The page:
From Corner Office To Corner Cell

A fresh wave of corruption cases is shaking the Continent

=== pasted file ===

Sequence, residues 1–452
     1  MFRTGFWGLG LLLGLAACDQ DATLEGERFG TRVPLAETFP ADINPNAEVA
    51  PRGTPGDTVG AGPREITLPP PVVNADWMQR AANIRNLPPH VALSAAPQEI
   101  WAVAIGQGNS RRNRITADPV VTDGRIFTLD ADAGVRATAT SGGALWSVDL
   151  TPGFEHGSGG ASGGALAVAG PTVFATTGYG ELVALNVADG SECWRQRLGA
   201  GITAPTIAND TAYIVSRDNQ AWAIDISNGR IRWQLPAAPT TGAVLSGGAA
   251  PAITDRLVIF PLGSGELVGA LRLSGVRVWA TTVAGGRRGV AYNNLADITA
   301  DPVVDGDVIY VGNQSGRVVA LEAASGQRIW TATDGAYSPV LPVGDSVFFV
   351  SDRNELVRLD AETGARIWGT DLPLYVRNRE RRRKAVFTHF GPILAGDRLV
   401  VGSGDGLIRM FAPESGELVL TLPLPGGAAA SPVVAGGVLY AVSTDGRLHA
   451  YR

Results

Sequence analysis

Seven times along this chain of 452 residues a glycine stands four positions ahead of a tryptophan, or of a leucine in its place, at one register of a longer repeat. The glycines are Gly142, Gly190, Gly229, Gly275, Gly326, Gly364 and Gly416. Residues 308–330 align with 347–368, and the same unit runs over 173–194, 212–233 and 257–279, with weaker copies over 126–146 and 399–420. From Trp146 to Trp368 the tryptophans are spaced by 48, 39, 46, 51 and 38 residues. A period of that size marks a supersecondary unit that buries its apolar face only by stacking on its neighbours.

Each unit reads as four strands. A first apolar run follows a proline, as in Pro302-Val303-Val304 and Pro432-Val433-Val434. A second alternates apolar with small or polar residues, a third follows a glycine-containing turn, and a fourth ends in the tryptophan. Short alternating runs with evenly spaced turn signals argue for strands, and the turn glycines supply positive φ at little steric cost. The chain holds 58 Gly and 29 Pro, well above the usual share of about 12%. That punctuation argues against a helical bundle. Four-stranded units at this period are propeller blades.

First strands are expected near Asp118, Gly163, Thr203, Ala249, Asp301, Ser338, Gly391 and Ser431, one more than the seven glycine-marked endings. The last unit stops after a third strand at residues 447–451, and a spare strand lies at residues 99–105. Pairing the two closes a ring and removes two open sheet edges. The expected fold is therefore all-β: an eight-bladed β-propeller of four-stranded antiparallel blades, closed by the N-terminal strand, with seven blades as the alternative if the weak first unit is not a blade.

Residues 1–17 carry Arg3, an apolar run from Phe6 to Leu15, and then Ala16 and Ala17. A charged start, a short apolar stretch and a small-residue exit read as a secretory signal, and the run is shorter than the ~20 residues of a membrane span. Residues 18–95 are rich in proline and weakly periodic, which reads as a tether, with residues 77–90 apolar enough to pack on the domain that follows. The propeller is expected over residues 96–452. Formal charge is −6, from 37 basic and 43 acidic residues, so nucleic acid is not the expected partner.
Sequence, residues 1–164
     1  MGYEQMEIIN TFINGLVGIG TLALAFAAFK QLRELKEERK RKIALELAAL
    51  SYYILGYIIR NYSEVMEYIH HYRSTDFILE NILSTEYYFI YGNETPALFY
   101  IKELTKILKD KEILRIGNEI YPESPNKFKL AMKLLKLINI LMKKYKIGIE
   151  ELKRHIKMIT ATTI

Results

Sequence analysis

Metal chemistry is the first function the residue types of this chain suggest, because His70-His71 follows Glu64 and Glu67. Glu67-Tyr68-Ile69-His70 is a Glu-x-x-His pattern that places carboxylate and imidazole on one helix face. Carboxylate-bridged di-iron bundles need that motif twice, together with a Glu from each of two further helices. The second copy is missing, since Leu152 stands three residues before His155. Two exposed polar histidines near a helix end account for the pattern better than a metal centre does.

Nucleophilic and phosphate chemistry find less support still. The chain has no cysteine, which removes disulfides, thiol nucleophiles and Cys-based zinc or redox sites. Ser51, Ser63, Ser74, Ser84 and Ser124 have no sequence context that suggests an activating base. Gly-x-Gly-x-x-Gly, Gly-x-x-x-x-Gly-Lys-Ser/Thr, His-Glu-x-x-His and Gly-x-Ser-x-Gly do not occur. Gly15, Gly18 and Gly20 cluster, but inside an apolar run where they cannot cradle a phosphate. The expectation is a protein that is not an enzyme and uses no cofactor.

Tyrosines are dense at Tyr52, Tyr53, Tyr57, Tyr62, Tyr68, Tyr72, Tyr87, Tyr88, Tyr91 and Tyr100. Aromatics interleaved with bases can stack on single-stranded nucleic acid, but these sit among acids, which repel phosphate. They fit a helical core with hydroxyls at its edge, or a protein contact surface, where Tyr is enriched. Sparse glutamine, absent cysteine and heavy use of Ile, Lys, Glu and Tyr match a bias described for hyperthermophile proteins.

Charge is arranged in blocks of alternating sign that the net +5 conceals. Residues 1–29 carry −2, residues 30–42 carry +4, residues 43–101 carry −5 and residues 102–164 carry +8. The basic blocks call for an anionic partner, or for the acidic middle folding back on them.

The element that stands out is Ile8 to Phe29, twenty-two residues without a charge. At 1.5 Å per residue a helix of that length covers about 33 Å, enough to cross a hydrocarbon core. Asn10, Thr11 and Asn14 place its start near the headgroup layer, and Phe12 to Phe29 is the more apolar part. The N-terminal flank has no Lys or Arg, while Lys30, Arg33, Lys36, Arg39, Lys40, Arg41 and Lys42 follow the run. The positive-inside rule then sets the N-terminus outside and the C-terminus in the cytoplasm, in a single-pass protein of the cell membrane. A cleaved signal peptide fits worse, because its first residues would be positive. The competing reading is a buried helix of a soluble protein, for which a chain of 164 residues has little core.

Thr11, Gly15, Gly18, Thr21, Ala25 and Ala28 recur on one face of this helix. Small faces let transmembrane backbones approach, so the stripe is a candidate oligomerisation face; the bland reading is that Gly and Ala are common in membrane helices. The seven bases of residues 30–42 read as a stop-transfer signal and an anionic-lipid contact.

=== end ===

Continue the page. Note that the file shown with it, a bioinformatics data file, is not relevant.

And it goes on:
When the cell door clanged shut at 1 a.m. in La Sante prison in Paris, France's long-running exorcism of corruption crossed a new threshold. Although dozens of business executives are under investigation, no high-level corporate leader had been jailed in France until the July 5 lockup of Loik Le Floch-Prigent. An ex-bureaucrat who ran France's largest company, oil giant Elf Aquitaine, the 52-year-old Le Floch now heads the French railways. He symbolizes the baronial power of state-backed executives, which many consider the root of French white-collar crime.

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